Ospreys soaring on the wind

Osprey, Marion Bay, Yorke Peninsula

On our recent short holiday on the Yorke Peninsula here in South Australia we stopped to have lunch at Penguin Point near Marion Bay. I didn’t see any penguins; at this time of year they are probably all far out to sea feeding. In fact, I saw very few birds during our lunch break. The reason for this was the weather; it was blowing a gale.

While sitting in the car eating our lunch two Ospreys flew low overhead. This was a great sighting because I’ve rarely seen this species over the years. Seeing two at once was a bonus. They were using the strong wind to soar and hover over the nearby beach and rocky headland. They repeatedly did this so it was too good an opportunity to let slip.

Leaving my lunch I braved the fierce wind and cold conditions and ventured out with my camera. Now I must admit that I have not really mastered the art of photographing birds in flight. It’s a skill I must spend far more time on developing. This was a good opportunity to practise. One element quickly become an obvious hindrance: the wild, blustery conditions. It was hard enough trying to remain upright without worrying about getting the shot just right. So I basically just aimed and clicked, hoping for the best.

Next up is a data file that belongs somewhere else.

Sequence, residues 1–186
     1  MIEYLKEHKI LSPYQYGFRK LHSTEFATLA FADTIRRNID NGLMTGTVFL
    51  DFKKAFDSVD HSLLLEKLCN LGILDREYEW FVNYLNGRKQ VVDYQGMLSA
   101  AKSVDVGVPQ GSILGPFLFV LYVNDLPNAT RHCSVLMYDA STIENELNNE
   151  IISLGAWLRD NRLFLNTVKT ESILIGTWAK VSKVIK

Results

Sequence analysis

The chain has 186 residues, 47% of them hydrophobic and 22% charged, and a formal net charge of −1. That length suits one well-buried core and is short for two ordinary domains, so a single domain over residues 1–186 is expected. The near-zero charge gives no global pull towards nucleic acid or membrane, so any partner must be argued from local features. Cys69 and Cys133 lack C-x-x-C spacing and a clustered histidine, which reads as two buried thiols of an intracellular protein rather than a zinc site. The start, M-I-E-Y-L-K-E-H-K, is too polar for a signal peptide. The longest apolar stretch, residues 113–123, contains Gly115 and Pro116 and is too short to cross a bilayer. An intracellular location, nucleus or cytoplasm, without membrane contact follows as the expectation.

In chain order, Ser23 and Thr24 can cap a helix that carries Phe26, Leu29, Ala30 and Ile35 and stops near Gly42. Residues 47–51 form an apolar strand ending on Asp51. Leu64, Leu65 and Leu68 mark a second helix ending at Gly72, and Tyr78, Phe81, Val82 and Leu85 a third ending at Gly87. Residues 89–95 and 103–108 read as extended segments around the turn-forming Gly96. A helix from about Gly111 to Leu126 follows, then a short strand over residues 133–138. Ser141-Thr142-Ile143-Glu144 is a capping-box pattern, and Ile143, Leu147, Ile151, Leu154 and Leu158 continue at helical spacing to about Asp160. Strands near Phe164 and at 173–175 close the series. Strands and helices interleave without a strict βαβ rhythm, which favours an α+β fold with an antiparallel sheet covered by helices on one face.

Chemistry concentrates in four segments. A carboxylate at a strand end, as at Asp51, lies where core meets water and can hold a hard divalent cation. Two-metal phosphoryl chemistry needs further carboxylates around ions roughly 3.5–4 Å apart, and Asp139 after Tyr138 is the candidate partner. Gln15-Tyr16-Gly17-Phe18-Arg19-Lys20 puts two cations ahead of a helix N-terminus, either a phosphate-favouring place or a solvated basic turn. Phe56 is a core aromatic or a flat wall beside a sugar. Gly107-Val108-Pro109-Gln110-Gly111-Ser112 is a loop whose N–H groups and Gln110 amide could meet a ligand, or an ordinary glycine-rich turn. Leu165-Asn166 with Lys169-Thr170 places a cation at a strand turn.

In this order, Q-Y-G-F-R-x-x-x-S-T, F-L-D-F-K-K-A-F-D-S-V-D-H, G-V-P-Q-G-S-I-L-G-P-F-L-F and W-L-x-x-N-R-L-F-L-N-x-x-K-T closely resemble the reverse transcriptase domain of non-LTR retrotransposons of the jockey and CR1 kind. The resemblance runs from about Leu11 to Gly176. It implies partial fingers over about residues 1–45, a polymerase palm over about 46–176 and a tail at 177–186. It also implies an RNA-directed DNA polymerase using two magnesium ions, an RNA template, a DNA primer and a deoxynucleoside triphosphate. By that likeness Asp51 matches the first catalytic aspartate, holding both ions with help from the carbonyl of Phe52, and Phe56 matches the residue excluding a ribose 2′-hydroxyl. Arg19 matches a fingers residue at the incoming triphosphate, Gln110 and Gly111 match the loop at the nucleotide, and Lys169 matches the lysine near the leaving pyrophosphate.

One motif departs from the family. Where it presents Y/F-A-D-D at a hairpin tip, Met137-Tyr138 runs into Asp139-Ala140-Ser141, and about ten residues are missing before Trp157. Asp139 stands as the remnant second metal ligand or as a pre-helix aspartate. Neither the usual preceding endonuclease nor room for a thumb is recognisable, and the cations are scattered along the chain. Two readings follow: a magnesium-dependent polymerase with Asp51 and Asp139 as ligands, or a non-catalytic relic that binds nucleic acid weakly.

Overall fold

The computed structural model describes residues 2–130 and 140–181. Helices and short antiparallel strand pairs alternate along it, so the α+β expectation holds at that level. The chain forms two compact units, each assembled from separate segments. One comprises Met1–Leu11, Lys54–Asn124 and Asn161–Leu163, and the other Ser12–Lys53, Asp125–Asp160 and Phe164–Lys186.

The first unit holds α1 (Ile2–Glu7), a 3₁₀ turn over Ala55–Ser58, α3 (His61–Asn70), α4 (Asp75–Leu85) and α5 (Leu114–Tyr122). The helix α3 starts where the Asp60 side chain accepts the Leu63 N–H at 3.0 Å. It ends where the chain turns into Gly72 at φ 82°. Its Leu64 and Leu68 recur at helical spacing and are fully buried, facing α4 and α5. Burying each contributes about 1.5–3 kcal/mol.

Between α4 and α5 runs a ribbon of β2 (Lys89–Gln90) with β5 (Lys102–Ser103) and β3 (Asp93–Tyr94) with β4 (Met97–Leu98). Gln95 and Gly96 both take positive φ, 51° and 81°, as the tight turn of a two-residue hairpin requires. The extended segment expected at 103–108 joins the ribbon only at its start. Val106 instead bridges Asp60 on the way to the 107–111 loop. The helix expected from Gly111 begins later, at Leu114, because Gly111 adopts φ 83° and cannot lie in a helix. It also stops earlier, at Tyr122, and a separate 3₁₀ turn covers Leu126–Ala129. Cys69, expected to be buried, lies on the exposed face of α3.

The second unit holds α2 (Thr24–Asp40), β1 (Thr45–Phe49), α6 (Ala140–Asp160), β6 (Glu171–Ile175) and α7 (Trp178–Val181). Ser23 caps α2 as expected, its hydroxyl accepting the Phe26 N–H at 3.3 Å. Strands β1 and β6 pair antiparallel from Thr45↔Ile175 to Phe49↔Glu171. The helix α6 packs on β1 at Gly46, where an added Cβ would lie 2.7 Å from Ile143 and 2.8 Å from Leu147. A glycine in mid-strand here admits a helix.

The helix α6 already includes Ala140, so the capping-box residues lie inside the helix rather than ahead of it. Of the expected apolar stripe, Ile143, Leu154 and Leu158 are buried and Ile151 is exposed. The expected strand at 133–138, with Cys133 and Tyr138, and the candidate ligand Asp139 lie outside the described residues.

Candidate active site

While the photos on this post will never win any great photo competition, at least you can identify the birds from them. I console myself with two thoughts:

  1. I now have some photos of this species.
  2. I can only get better.

Good birding.

Osprey, Marion Bay, Yorke Peninsula


5 Responses to “Ospreys soaring on the wind”

  1. I’m not really into birding as you know, Trevor, but the photos look pretty fine to me. On the subject of birds I had four birds in the driveway this morning: their feathers were white with brown shading, they had a bluish-black ring around the back of their necks and thet looked like pigeons. any idea?

  2. thanks Trevor. just checked out the photo. yep. that was them. my neighbor who was also looking on suspected they were pets who had escaped or been let go

  3. John Tongue says:

    Not sure where John lives, but many states’ environment or primary industries departments would be keen to hear about populations of Barbary Doves, for control purposes.

    • Trevor says:

      John lives in Adelaide. Although attempts have been made to control this species, the efforts, I believe, are rather half hearted and of a low priority, I believe. Sadly I can see the day when they might outnumber the Spotted Turtledoves.

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